New Brunswick

Addiction services available, but may be restricted, during COVID-19

Detox centres may see capacity reduced, AA meeting held virtually

Detox centres may see capacity reduced, AA meeting held virtually

In a statement from the province said the focus at the moment is making sure detox centres are following the directives from the Chief Medical Officer of Health. (Photographee.eu/Shutterstock)

Addiction services in New Brunswick are still available, but the delivery of those services may be different than normal according to the province.

In a statement the province said the focus at the moment is making sure detox centres are following the directives from the Chief Medical Officer of Health.

"As with other hospital settings, the capacity may be reduced to be able to respect the directives," said the province. 

"Those who are prioritized for residential withdrawal management treatment are able to receive this care in a safe and secure environment."

Mental health and community addiction counselling services are still operating, but in-person group treatment has been stopped.

The province says these services may be offered over the phone and that recovering addicts should stay in contact with their service provider.

In-person Alcoholics Anonymous meetings have also been cancelled because of COVID-19.

A spokesperson for AA Area 81, which organizes AA meetings for New Brunswick and Prince Edward Island, said meetings are still taking place either through Zoom or teleconferencing.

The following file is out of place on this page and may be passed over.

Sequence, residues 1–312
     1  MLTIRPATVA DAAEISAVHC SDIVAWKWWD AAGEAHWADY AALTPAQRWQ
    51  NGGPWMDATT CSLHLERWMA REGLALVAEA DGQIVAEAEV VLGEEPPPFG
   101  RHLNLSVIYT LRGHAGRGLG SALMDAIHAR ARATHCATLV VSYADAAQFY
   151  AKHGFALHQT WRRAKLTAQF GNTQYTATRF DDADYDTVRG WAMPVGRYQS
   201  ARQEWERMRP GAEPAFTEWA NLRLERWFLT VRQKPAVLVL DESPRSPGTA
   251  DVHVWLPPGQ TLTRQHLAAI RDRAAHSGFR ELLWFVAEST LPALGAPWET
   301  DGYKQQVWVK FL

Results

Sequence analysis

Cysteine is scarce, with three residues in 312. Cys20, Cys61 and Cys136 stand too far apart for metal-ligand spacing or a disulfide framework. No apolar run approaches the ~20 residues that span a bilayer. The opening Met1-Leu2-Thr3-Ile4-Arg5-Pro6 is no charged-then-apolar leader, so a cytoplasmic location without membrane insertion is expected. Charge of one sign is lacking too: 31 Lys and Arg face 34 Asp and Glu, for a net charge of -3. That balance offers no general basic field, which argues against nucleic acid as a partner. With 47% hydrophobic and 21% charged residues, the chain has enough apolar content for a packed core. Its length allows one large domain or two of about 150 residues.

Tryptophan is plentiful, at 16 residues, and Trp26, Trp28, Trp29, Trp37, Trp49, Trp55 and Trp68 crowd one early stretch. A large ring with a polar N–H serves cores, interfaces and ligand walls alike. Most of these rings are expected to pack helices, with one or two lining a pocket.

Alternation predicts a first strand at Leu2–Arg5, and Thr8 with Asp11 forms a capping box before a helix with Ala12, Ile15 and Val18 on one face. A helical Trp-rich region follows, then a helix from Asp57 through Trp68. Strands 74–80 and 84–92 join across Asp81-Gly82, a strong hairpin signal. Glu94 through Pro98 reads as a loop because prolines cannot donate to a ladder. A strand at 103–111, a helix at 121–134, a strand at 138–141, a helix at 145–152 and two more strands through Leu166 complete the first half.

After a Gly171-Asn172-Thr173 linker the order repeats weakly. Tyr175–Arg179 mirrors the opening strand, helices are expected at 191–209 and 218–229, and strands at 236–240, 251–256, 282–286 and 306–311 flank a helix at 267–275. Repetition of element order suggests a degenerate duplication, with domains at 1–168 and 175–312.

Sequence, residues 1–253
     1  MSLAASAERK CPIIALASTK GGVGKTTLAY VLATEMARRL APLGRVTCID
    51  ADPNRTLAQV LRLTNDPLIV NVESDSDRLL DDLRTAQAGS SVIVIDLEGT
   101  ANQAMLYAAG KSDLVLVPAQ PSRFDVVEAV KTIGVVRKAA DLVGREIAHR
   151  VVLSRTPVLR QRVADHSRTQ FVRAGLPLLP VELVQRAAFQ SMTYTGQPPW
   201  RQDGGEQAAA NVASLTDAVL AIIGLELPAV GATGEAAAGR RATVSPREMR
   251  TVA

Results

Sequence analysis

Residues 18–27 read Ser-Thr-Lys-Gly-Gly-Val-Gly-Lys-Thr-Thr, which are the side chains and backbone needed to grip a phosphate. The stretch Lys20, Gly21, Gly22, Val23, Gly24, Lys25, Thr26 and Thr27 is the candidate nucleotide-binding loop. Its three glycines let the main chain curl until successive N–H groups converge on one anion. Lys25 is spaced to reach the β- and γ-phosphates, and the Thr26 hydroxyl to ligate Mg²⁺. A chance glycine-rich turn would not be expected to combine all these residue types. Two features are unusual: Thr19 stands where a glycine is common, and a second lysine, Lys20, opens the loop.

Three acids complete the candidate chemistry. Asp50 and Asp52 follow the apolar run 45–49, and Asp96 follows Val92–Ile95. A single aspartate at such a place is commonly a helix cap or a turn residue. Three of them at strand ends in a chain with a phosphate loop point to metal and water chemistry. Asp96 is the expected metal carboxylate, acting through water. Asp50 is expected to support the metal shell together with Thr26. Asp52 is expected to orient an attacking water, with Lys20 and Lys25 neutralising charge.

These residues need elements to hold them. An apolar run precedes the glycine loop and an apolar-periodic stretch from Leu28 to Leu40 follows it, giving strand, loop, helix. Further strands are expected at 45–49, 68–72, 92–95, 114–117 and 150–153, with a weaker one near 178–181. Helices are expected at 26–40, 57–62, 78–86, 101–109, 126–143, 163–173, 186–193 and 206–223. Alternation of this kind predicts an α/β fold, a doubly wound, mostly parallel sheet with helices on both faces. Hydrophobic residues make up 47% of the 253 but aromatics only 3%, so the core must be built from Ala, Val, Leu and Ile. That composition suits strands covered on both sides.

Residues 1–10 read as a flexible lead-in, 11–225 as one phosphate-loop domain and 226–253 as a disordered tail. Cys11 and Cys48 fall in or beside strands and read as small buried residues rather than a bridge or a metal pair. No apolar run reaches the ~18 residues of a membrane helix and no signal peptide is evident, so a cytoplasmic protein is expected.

Alcohol concern

There is some evidence that physical distancing measures implemented as a result of COVID-19 have led to Canadians buying more alcohol.

A CBC News investigation found that alcohol sales increased in March just as physical distancing restrictions began.

Recently some addiction experts told CBC News they were concerned that more people would turn to alcohol to deal with the stress of COVID-19.

This comes as the World Health Organization warns that alcohol "can exacerbate health vulnerability, risk-taking behaviours, mental health issues and violence."

"Existing rules and regulations to protect health and reduce harm caused by alcohol, such as restricting access, should be upheld and even reinforced during the COVID-19 pandemic," said the WHO.

A spokesperson for NB Liquor and Cannabis NB didn't provide any sales data for March, saying it would be released as part of quarterly reports next month.

The province said addiction services aren't seeing an increase in demand at this time.

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